10 Flaws in the Traditional System

The traditional system is simply not designed to produce the goals we have set for it, or that our children, communities and nation so desperately need and deserve. There are ten primary flaws in the traditional system that can be corrected by redesigning the system for success in which all students achieve mastery. These flaws include that the traditional system: (more…)

Readiness for College, Career and Life: The Purpose of K-12 Public Education Today

November 2, 2017 by

This is the second post in the blog series on the report, Quality and Equity by Design: Charting the Course for the Next Phase of Competency-Based Education. See the first blog here.

Effective system design starts with a clarity of purpose, or said another way, what are the results we want to get from our system of public education? The current design of our K-12 public education system delivers the following results: After decades of policy reforms and targeted improvement strategies, the on-time graduation rate has inched up to 82%, with states ranging from 61% to 91%. Yet, Alaska Natives, students with disabilities, Native American, African-American, and Latino students continue to graduate at much lower rates: 55, 64, 70, 73 and 76%, respectively. Among those students who do graduate high school, nearly 25% of them, from all socioeconomic groups, require remedial courses in college, costing them and their families $1.5 billion a year. Graduates who enter the world of work directly after high school fare no better, with 62% of employers by one account indicating that “high schools aren’t doing enough to prepare their graduates to meet the expectations of the workplace.” Students are not fully prepared for civic engagement to ensure a functioning democracy (only 30% of today’s young people believe it is “essential” to live in a country that is governed democratically). These results are evidence that students are not getting what they need, and the implications ripple through their lives, their families, communities and our economy. In subsequent blogs in this series, we will explore why the traditional system is designed to produce these results. First, let’s consider what results we want instead.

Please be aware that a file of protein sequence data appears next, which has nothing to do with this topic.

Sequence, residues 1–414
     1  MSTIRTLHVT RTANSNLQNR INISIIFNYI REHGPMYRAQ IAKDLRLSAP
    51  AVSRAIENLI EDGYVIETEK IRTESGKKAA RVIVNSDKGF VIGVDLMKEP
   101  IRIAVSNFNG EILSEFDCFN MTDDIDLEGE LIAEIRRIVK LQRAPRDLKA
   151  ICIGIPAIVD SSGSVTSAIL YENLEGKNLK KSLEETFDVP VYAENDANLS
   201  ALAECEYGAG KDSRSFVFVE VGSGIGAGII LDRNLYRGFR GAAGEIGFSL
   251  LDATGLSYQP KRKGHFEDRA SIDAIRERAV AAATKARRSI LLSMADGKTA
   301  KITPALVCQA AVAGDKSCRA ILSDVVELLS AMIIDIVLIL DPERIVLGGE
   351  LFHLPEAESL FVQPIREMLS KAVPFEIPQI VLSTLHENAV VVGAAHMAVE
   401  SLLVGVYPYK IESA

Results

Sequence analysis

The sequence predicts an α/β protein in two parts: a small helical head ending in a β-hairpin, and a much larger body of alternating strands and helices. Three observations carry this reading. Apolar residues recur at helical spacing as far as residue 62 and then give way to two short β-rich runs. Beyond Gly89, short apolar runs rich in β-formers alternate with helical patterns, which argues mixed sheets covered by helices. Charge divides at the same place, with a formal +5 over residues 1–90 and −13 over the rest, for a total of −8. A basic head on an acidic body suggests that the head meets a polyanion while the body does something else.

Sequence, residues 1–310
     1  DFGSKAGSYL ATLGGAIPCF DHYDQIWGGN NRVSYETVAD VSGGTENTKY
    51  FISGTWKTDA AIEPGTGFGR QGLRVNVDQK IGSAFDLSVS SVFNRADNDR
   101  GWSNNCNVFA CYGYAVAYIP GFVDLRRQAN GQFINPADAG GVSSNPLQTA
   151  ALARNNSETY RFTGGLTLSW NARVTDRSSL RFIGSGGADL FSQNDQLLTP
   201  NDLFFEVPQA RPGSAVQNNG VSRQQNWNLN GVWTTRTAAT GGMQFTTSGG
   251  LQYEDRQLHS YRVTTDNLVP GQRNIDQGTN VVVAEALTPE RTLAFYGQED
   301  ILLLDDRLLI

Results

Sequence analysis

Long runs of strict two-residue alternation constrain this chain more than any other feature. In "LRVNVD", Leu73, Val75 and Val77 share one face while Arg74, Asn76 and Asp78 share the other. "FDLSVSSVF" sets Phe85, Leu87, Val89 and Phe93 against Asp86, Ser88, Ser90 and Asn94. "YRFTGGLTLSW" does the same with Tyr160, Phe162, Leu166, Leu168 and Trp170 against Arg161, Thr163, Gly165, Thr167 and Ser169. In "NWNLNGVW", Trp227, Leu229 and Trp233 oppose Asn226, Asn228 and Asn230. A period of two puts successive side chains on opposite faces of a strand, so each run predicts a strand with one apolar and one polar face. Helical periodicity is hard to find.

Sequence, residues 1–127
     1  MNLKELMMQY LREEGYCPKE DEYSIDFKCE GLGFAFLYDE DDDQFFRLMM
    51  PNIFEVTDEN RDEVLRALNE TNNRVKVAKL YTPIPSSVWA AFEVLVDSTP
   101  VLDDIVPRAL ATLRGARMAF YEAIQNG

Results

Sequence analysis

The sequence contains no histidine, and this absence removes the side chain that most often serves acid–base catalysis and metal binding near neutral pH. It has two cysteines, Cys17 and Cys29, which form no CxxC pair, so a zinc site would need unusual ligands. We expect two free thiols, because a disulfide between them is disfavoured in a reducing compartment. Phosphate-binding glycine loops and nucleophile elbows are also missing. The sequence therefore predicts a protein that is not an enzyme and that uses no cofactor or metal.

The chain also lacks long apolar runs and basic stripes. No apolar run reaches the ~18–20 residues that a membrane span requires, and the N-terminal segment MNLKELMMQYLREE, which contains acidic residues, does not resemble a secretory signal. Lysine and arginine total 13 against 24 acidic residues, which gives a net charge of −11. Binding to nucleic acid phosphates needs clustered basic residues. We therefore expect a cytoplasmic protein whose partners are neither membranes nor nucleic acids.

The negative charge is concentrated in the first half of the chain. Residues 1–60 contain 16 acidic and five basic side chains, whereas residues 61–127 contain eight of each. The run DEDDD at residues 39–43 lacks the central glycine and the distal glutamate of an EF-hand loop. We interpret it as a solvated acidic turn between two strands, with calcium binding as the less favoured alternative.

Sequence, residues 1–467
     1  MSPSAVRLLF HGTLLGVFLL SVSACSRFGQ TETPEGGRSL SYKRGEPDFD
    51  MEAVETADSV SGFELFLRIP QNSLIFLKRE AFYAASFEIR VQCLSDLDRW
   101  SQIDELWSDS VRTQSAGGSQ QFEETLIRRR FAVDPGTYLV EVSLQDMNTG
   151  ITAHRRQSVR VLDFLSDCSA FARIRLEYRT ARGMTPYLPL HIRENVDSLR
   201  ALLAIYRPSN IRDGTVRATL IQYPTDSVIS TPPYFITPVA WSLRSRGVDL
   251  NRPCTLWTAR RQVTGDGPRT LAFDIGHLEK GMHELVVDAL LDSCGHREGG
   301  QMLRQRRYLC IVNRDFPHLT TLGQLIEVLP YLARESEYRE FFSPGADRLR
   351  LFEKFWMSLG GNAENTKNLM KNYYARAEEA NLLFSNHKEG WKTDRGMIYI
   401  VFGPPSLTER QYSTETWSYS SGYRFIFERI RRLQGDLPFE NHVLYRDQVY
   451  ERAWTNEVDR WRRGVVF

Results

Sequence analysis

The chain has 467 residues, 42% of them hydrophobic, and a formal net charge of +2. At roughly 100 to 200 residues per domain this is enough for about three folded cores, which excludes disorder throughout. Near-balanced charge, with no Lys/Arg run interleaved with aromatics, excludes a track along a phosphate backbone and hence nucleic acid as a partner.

So, what is the purpose of public education today and what are the results we want it to deliver? The purpose of public education has evolved significantly since the first public school, Boston Latin School, was established in the 17th century to educate white males in, among other things, “religion, Latin and classical literature.” Today, states and districts define the purpose of education in variety of different ways. Increasingly that purpose is stated as “college and career readiness,” or a variation thereof. But what does it really mean to be college and career ready? Although the terminology and details may vary, almost all states and districts continue to use a combination of time-based academic credits, state graduation exams and state accountability exams to measure learning. For the majority of states, these elements prioritize content knowledge rather than skills, with a focus upon a narrow set of areas — math and English language arts. (more…)